The Congressional Budget Office (CBO) released its highly-anticipated analysis of the new legislation to repeal and replace Obamacare on Monday afternoon, including findings that the law will leave millions more people uninsured compared to the current health care law.
The CBO report finds that under the American Health Care Act, which repeals the Affordable Care Act signed into law by former President Barack Obama, 14 million more people would be uninsured than under current law by 2018.
"Most of that increase would stem from repealing the penalties associated with the individual mandate," according to the report.
The report also suggests that the deficit of uninsured Americans would rise to 24 million in 2026 and the report also indicates the legislation bill "would reduce federal deficits by $337 billion" by 2026 as well.
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The primary impacts on the uninsured rate will come from changes to those who purchase nongroup health insurance, made up of people who use the insurance marketplace established by Obamacare to purchase insurance outside of an employer plan or other health option.
The initial growth in the uninsured rate would likely be driven by people opting to not buy health insurance once the mandate disappears, but the report suggests the increasing costs of insurance premiums would drive even more consumers to opt out in the ensuring years.
The report finds the average premiums would increase until 2020, and then begin to decline after that point. Those costs in 2018 and 2019 are expected to be 15 to 20 percent higher than they would have been under Obamacare. By 2026 those premiums should decrease by 10 percent from projected costs under Obamacare for those health insurance consumers.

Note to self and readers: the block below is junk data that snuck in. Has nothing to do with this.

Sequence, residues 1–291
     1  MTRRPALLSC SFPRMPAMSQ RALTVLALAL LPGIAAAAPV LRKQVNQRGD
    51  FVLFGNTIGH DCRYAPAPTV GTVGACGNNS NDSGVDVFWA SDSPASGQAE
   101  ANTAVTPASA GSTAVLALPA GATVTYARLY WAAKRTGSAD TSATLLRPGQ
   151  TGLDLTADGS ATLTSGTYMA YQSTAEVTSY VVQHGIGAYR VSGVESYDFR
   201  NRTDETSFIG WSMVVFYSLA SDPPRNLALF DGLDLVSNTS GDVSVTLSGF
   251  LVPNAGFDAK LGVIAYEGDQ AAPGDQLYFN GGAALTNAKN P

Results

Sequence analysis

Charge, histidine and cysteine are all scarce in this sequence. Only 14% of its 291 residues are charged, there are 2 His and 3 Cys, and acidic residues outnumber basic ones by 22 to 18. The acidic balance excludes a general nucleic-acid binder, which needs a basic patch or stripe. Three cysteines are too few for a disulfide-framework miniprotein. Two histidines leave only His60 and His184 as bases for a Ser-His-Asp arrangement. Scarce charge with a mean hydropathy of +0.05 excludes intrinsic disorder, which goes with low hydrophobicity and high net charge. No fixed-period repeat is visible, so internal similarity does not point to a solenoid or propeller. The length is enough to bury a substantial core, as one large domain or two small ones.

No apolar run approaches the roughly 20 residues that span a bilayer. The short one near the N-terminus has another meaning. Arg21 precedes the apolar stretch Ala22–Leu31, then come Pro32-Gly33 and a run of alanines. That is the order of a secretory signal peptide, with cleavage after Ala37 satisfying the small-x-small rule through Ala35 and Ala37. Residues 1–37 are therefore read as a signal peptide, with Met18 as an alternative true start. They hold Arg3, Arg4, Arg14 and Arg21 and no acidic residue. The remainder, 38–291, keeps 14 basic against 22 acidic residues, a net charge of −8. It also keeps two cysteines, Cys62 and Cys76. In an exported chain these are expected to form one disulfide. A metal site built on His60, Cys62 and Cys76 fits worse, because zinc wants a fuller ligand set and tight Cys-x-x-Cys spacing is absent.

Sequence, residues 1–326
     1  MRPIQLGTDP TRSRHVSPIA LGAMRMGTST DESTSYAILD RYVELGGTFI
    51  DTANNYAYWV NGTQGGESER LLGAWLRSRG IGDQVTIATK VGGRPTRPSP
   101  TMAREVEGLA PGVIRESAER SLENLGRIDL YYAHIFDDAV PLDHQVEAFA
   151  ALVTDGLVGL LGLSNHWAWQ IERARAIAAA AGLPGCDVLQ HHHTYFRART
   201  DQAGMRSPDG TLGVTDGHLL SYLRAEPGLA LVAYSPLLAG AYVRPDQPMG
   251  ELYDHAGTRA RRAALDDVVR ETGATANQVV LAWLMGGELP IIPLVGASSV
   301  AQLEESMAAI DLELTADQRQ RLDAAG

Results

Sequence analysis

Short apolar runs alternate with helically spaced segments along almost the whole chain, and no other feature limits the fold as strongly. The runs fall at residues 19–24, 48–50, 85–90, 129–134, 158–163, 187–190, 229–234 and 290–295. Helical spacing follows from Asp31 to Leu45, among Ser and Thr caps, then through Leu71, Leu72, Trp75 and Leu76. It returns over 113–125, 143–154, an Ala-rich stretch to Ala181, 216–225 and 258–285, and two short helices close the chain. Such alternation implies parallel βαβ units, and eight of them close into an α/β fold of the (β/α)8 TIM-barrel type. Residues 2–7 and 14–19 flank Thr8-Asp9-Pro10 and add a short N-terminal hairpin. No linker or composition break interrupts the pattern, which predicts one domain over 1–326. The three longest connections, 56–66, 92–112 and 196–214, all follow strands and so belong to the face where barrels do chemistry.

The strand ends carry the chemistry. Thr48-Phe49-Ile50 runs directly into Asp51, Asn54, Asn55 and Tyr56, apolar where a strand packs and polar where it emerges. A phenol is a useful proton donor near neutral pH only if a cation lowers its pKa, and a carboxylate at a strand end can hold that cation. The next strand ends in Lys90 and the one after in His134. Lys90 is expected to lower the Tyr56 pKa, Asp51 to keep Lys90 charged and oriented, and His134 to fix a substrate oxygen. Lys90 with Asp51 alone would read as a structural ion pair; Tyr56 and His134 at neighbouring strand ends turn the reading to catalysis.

The CBO report also reinforces analyses from other experts suggesting the proposal would be costlier for older Americans than for younger ones.
"Under the legislation, premiums for older people could be five times larger than those for younger people in many states, but the size of the tax credits for older people would only be twice the size of the credits for younger people," the report states. "Because of that difference in how much the tax credits would cover, CBO and JCT estimate that, under the legislation, a larger share of enrollees in the nongroup market would be younger people and a smaller share would be older people."
The projection of 24 million fewer people being insured by 2026 than under current law is based on three major expected changes. The report states that approximately 14 million fewer would enroll in Medicaid, two million fewer would "obtain coverage through the nongroup market" and another seven million would be expected to opt out of employer-based coverage.
"Part of that net reduction in employment-based coverage would occur because fewer employees would take up the offer of such coverage in the absence of the individual mandate penalties," the report notes. "In addition, CBO and JCT expect that, over time, fewer employers would offer health insurance to their workers."
The bill has been subject to criticism from both Democrats, who do not want to see Obamacare repealed, and by conservative Republicans, who think it keeps too much of Obamacare in place.
The scoring analysis was produced in cooperation with the staff of the Joint Committee on Taxation.
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